Digital technology is fast becoming the core of life, work, culture and identity in Indonesia. In a young nation with a median age of 28 and a rapidly growing urban middle class, Indonesians are using digital technologies in ways that have made the world take notice. In 2016 Indonesia had 76 million Facebook users, the fourth highest number in the world. Jakarta has been named the world's ‘most active city on Twitter’ (Lipman 2012), while other platforms such as Instagram, WhatsApp, LINE, Path and Telegram are all being used in unique and dynamic ways. It is now commonplace to walk into a cafe in one of Indonesia's cities and see a group of young Indonesians all sitting in silence, eyes fixed on their mobile phones. Even outside the cities, there is voracious demand for admittance into the digital world. In research exploring the ‘improbability’ of a nation with over 13,0000 islands, a coastline of 54,000 kilometres and a population of 250 million with dozens of ethnicities, journalist Elisabeth Pisani (2014: 3) observed villagers climbing trees in order to get 2G phone reception; ‘Millions of Indonesians live on $2 a day and are on Facebook’, she wrote. Indonesia's digital economy is an area of great potential, as shown by the rise of Go-Jek and Grab, ride-sharing companies whose success has been propelled by the ubiquitous use of smartphones. In mid-2016 Go-Jek raised $550 million in new capital, giving it a value of $1.3 billion, an incredible result given it had launched its first mobile phone application only a year and a half earlier (Pratama 2016). On the back of Go-Jek and other e-commerce successes, President Joko Widodo (Jokowi) stated that Indonesia aimed to have ‘1,000 technopreneurs’ and a digital economy worth $130 billion by 2020 (Tapsell 2015a; Wisnu 2016). Politically, digital platforms are being used to organise mass rallies, assist with election monitoring and generally provide a space for greater freedom of opinion and expression on a variety of issues, contributing in no small way to the country's rambunctious democracy. Anyone running for political office must now consider how to engage with the world of online campaigning, in particular by nurturing a presence on social media. As this book explains, digital technologies have had a marked impact on the media industry, governance, commerce, informal sector employment, city planning, disaster relief, health, education, religion, artistic and cultural expression, and much more.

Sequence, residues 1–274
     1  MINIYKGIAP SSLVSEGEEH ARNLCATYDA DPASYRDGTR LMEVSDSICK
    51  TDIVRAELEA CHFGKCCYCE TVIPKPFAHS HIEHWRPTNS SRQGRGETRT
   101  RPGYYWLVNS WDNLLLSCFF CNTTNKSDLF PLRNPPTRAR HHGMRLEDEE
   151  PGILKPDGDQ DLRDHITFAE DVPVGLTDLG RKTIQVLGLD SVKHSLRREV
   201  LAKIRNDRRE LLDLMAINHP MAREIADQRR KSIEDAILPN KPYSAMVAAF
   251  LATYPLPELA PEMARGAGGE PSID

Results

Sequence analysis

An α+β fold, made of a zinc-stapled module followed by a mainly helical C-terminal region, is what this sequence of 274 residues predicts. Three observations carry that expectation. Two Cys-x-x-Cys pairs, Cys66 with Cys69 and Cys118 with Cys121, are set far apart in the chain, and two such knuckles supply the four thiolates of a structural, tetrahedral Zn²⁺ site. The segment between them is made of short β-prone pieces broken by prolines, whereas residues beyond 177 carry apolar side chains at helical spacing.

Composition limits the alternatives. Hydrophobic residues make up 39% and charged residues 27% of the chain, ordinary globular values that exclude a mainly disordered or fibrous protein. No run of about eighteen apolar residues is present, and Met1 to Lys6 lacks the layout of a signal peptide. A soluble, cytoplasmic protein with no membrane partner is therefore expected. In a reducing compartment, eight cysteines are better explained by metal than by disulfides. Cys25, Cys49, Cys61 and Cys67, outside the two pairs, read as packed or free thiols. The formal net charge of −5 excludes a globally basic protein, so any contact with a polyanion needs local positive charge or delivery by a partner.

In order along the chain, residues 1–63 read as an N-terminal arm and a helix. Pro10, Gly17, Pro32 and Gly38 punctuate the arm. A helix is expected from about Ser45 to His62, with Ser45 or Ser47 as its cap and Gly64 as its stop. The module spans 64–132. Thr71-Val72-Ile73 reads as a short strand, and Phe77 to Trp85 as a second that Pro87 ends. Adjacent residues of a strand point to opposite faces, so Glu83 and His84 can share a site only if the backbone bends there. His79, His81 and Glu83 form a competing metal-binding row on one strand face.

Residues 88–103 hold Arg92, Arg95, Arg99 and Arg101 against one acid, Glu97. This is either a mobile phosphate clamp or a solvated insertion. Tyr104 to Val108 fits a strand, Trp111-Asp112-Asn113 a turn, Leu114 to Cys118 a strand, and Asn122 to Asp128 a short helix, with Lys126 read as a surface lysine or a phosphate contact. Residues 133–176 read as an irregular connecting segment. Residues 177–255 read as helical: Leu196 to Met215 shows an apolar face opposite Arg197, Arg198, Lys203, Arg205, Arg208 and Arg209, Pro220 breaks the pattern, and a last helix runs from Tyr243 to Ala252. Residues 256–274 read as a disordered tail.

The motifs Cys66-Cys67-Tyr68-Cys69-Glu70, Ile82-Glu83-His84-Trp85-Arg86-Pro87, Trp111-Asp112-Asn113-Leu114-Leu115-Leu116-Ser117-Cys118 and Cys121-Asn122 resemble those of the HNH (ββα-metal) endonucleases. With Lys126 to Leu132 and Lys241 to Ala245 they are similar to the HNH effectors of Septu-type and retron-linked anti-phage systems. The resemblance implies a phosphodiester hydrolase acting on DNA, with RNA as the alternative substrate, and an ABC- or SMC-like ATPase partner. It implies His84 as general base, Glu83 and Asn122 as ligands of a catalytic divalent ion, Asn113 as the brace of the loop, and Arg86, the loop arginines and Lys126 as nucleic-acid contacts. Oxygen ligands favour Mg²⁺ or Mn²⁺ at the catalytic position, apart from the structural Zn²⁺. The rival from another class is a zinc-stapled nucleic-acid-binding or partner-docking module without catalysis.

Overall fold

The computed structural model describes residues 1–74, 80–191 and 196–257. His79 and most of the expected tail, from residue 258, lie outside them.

|Title of host publication||Digital Indonesia: Connectivity and Divergence|
|Editors||Edwin Jurriens and Ross Tapsell|
|Place of Publication||Singapore|
|Publication status||Published - 2017|